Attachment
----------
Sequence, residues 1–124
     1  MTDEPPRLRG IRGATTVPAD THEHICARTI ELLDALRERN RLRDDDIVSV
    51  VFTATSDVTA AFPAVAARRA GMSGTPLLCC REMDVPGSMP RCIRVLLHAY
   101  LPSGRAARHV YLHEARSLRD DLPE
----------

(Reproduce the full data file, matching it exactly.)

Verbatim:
Sequence, residues 1–124
     1  MTDEPPRLRG IRGATTVPAD THEHICARTI ELLDALRERN RLRDDDIVSV
    51  VFTATSDVTA AFPAVAARRA GMSGTPLLCC REMDVPGSMP RCIRVLLHAY
   101  LPSGRAARHV YLHEARSLRD DLPE